Another problem that might not be evident with an enclosure is the quality of its seal when the door is closed. With any enclosure worth its salt, there will be some sort of rubber or foam gasket around the edges to make sure that the enclosure has an appropriate seal. Most enclosures have something like this, but the gasket alone does not make the enclosure impervious to water.
With any sort of seal, you are going to need some sort of positive pressure to make sure that the door and the seal are fitting tightly enough. This is often done using some sort of locking handles. For example, we use cam-locking T-handles that lock the door in place, but they also pull the door inward from tabs in the door for positive pressure.
Even then, there are a handful of companies that use these sorts of handles and locking methods. We go the extra step by adding extra locking handles around the door. At the edge of the door, the cam locks will add a good amount of positive pressure on the seal, but the distribution of that pressure might not be ideal. This means that the door could be sealed very tightly by the edge and not as much the closer you get to the hinges.
By having multiple T-handle locks around the door, you distribute pressure more evenly around the door for a much better seal. This is especially necessary for enclosures with large doors as the door has to cover a much larger area so the pressure needs to be distributed over a larger gasket.
Enclosures all seem rather similar on the outside, but there are little things that count when picking an enclosure. Attention to detail is key in protecting against hazardous conditions for your vulnerable electronics.
Making a NEMA-4X rated enclosure might seem like an easy task to some. Most people assume that an enclosure should be impervious to moisture as long as it has a good sealant on the door, but that isn’t always enough to keep your equipment safe.
When we make enclosures, we make sure to use a durable, non-porous rubber sealant to keep airborne moisture out, but this is only really the first step in making a good enclosure. A bigger problem in modern day industrial facilities is the impact of high pressure water when equipment is being washed.
If the sealant has nothing to protect it, high pressure water can be pushed through cracks or actually damage the sealant if the washdown is done carelessly.
The second step in waterproofing an enclosure to survive in a washdown environment is some sort of protection for the sealant. For this, we use “rain gutters” where the enclosure contacts the door. These gutters are basically a curved lip that runs around the edge of the enclosure opening.
The purpose of the rain gutters is primarily to redirect incoming water away from the seal. When water hits the rain gutters, it hits the curved lip and is redirected in the opposite direction because of the angle of the lip. This takes a majority of the pressure away from the seal so that it can focus on keeping airborne moisture or particulates out.
The rain gutters and sealant are an important combination, but the last essential piece is a proper door latch. The seal doesn’t mean much without something to hold it in contact with the enclosure. To do this, you need a door latch that both keeps the door shut and applies pressure. The door latch we use turns to lock in place and the latch squeezes the door down as it enters the closed position.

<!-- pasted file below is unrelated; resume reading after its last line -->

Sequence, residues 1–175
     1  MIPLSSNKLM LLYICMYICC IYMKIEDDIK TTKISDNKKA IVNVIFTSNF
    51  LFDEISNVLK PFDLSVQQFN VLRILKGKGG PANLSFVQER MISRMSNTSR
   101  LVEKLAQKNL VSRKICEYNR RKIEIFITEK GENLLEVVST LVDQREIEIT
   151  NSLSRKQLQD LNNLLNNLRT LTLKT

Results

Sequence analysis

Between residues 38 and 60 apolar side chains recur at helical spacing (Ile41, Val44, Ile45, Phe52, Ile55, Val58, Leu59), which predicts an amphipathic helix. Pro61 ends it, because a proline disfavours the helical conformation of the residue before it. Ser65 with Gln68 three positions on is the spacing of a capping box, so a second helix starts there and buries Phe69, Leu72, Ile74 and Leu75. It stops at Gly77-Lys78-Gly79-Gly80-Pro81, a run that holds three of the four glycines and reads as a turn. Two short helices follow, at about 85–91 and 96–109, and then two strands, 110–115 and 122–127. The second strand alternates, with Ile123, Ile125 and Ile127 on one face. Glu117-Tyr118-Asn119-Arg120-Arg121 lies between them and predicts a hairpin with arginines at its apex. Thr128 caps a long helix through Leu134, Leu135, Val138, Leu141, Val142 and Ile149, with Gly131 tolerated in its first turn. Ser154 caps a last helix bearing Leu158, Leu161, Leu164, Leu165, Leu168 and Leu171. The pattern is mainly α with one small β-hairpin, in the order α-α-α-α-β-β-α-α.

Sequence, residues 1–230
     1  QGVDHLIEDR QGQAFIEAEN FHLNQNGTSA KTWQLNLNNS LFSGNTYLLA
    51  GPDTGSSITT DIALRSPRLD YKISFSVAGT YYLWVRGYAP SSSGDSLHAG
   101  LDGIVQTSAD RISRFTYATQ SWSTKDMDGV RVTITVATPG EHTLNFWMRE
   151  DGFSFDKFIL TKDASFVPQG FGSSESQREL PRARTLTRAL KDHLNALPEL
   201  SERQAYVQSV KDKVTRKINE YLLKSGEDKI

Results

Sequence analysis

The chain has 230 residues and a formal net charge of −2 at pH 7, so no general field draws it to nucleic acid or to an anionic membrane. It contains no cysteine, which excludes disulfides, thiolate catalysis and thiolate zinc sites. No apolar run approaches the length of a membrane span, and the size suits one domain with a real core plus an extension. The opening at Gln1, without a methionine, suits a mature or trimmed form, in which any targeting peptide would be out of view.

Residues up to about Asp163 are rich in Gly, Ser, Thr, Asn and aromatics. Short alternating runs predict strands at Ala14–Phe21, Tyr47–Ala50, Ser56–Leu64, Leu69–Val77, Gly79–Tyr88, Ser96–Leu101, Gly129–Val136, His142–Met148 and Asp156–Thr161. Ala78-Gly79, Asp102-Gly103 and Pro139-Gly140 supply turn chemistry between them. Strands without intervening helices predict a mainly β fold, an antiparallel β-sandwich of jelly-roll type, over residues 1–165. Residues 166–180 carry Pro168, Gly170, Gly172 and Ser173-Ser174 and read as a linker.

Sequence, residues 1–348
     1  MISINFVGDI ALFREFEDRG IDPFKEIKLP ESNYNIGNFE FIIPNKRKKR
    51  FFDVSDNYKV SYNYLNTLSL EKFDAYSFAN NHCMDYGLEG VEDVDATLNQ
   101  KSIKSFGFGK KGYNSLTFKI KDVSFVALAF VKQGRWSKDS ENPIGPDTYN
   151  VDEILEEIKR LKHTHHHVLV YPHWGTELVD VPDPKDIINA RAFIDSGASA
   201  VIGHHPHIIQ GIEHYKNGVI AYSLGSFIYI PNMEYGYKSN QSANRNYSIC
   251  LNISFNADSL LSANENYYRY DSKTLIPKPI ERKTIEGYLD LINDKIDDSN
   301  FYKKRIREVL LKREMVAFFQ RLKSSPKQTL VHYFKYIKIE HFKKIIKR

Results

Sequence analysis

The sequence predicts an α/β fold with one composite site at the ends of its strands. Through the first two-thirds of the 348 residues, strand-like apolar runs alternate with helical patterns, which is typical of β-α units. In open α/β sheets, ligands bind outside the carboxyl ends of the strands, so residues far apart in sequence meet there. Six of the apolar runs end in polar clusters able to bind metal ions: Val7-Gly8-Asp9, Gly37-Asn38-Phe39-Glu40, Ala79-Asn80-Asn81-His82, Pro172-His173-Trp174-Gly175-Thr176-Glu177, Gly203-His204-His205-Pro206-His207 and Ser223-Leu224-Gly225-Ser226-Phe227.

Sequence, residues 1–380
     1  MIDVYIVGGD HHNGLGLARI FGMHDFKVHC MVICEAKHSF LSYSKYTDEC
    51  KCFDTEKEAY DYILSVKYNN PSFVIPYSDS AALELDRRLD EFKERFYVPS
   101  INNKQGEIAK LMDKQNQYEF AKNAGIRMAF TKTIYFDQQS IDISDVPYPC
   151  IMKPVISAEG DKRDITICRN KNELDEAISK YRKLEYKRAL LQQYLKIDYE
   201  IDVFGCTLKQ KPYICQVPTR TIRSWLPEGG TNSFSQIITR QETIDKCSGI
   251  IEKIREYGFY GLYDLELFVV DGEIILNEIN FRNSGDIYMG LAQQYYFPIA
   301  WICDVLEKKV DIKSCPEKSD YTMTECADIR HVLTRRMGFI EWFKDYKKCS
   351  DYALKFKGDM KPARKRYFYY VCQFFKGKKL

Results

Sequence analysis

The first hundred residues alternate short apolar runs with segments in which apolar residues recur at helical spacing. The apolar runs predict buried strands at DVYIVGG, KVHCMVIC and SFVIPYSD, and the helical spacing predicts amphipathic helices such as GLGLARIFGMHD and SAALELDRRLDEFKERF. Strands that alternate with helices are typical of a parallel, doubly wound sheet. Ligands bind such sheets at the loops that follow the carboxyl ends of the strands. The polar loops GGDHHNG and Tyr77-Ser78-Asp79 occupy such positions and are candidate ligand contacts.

These three parts function as a whole to make some of the best watertight enclosures you can find, and as long as you respect the enclosure when it comes to cleaning and maintenance, they should last a long time.
See our NEMA-4X Enclosures
Over the past 15 years we have seen and continue to see plants exposing their high dollar controllers to all of the elements within the plant.
Key pieces of equipment on the floor break down due to corrosion, moisture, damage and dropping of the high dollar equipment.
With the use of NEMA-4X stainless steel enclosures mounted on stainless steel stands or a stainless steel cart with castors, you can protect your valuable on floor equipment from all of the elements within the plant.
Enclosures can be made to meet the needs of your equipment. You can incorporate a window in the door, a pull out tray, heaters and/or coolers depending on the application needed.
Mount this enclosure on a stainless steel angle stand or removable cart and you are now providing protection to your valuable equipment. The stands and carts can be made to fit your exact application.
There is also the misconception that stands and carts with an enclosure are unaffordable.
This is not true, most of today’s on floor electronic equipment are expensive pieces of equipment, what would protection for that unit be worth?
What would it be worth to have less down time?
What is it worth to know that when you lock the enclosure down that no washdown person is going to flood the piece?
What is it worth to be able to remove that piece from the floor?
These questions and more can be answered by requesting pricing on a cart, stand or enclosure for your valuable controllers, pricing equipment, computers, printers and/or any other valuable on floor units you may have.